This is when a brand encompasses a consistent set of traits in which the consumer can relate (Cohen, 2014). For example, Crossfit is a lifestyle brand which encompasses the idea of pushing yourself for your fitness. This idea is consistent on a global level. Through this lifestyle, consumers or participants have the opportunity to feel a part of a group of healthy, motivated fitness fanatics (Qing, Rong & Xiaobing, 2015).
This is defined as the strong symbolism that a brand transmits to its consumers, which is adopted for its social benefits (Kubat & Swaminathan, 2015). It allows consumers to feel as though they can express themselves through a form of identity, whilst being provided with a sense of belonging to a group (Wu, Klink & Guo, 2013). For example, Tiffany & Co. are a jewellery brand which offer affordable and expensive, high-quality jewellery products. When a person sees a consumer wearing its product in public, that person may aim to own a piece of Tiffany & Co. jewellery themselves, with the aim to seek social benefits or fit into a particular group (Athaide & Klink, 2012).
Attachment is brought about when people form an emotional connection between themselves and a brand (Malar, Krohmer, Hoyer & Nyffenegger, 2011). For example, Coca-Cola uses advertisements to portray its happy lifestyle to consumers. These advertisements are used to form an emotional connection with the audience. Through the use of the “Open happiness” slogan, consumers may believe that by purchasing and consuming a Coca-Cola drink, they will feel like they are happy and having fun (Malar, Krohmer, Hoyer & Nyffenegger, 2011).
While some lifestyle brands purposely reference existing groups or cultures, others create a disruption within the status quo and propose an innovative viewpoint on the world. The driver force may be the product, the shopping experience, the service, the communication or a combination of these elements. These are often result from visionary goals of the CEO or founder. Early on, Apple’s founder Steve Jobs sought to integrate the company's innovations into the industries of music, entertainment, and telecommunications. In a 2002, he gifted each 7th- and 8th-grader in the state of Maine with a laptop, in an effort to show that it wasn't "about the technology, it's about what people can do with it." Lee Clow—the chairman of Omnicom Group's TBWA Worldwide and Apple marketing partner—said that Jobs had "a very rigorous view of Apple's tone of voice and the way it talks with people," calling it "very human, very accessible." Burton has built its lifestyle brand by drawing on the snowboarding subculture and Quiksilver has done the same with the surfing community.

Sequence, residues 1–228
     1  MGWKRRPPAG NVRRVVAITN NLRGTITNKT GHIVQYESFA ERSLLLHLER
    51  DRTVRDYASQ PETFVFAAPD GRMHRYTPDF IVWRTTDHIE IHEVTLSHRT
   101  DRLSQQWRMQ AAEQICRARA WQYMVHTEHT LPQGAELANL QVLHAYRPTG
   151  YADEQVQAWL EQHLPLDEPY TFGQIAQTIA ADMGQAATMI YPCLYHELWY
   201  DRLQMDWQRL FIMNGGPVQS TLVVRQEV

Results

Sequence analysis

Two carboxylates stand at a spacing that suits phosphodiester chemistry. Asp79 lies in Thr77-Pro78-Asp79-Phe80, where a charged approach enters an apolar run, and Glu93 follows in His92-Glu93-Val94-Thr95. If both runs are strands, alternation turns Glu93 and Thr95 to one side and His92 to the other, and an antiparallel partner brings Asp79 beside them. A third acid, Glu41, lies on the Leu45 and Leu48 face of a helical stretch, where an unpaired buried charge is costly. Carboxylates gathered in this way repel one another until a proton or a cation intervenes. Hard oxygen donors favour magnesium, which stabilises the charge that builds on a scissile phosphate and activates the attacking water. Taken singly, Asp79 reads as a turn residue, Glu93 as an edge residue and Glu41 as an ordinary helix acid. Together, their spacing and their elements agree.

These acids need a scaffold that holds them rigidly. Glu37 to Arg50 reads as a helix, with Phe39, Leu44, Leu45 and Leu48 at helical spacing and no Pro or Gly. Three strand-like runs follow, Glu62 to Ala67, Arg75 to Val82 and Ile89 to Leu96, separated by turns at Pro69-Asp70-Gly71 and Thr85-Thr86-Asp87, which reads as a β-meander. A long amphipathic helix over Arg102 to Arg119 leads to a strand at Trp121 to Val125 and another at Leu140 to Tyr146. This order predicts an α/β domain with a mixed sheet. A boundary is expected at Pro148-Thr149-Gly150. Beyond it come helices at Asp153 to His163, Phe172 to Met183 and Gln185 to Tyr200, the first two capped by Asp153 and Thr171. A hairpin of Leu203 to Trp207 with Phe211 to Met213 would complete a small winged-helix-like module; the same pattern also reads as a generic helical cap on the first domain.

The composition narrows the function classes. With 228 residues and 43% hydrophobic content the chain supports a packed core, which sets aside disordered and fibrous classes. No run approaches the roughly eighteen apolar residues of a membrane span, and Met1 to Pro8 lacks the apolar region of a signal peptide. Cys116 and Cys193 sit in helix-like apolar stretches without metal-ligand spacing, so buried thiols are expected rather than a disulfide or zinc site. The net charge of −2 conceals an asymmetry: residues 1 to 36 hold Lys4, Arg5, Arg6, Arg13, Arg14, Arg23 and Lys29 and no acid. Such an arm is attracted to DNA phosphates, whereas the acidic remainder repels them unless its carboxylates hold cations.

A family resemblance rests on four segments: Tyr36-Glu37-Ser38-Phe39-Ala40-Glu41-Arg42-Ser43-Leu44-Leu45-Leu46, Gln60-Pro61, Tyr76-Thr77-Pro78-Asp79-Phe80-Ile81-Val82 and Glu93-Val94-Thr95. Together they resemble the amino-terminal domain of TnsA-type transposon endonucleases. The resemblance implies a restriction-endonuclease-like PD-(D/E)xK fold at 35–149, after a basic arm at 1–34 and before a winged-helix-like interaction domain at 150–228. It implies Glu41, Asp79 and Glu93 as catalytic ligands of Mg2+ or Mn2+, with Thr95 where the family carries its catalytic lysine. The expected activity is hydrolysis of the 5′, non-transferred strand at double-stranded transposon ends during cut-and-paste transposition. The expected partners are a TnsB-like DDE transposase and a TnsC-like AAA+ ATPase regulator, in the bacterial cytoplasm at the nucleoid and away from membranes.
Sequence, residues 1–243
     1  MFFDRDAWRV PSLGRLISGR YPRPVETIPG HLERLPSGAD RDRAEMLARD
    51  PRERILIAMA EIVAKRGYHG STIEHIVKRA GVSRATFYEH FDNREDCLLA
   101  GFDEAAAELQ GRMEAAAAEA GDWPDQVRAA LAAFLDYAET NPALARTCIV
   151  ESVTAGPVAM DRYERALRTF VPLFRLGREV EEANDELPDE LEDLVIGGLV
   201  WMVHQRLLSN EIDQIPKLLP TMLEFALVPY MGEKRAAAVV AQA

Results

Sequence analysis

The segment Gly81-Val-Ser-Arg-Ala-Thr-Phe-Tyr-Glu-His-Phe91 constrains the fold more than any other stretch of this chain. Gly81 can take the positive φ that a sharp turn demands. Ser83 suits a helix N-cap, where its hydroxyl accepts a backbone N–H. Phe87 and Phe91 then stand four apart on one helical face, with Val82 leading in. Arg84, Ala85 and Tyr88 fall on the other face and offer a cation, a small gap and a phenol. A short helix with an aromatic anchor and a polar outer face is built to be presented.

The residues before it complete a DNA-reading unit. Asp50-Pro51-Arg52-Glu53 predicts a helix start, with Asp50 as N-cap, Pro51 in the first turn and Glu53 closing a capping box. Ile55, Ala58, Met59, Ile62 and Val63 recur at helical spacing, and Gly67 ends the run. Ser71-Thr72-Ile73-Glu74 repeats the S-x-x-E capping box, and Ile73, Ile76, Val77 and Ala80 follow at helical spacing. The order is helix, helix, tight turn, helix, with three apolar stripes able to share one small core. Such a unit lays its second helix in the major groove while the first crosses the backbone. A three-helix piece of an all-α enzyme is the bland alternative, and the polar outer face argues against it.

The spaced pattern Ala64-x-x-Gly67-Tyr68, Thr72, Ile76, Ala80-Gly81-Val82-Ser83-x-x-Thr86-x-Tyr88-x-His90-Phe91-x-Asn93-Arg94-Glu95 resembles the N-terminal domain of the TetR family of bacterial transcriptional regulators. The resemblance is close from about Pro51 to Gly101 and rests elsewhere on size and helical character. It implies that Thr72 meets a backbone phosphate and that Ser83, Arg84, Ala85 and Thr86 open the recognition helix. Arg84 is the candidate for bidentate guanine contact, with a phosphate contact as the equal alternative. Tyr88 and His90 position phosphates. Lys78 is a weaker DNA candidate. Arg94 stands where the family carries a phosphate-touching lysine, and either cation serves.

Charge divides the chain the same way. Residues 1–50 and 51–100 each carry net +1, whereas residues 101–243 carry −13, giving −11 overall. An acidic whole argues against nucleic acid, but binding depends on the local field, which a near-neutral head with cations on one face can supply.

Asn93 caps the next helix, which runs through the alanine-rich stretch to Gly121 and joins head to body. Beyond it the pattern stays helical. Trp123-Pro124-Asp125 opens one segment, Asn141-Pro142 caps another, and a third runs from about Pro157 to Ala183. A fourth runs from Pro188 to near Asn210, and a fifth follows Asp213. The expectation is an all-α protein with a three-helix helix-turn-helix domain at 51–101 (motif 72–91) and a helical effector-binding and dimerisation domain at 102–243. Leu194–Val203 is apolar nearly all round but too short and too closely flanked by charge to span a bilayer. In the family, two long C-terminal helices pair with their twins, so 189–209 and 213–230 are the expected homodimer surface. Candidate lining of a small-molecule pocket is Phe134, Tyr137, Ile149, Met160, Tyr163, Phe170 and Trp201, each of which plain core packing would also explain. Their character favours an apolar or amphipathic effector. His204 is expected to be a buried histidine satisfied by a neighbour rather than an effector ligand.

Some lifestyle brands align themselves with an ideology. Patagonia proposes an environmentally friendly way of life. Volcom, with the promise "Youth Against Establishment", gives a label and a sense of belonging to those who are "against" the world of adults.
One popular source for lifestyle brands is also national identity. Victoria's Secret purposely evoked the English upper class in its initial branding efforts, while Burberry is recalling the hip London culture.
Social or personal image is also a reference point for some lifestyle brands. In 1990s, Abercrombie & Fitch successfully resuscitated a 1950s ideal—the white, masculine “beefcake”—during a time of political correctness and rejection of 1950s orthodoxy, creating a lifestyle brand based on a preppy, young, Ivy-League lifestyle. Their retail outlets reflect this lifestyle through their luxurious store environment, attractive store associates (models), and their black and white photographs featuring young people "living the Abercrombie & Fitch lifestyle". In doing so, Abercrombie & Fitch has created an outlet for those who lead, or wish to lead or wish to dream about leading this lifestyle.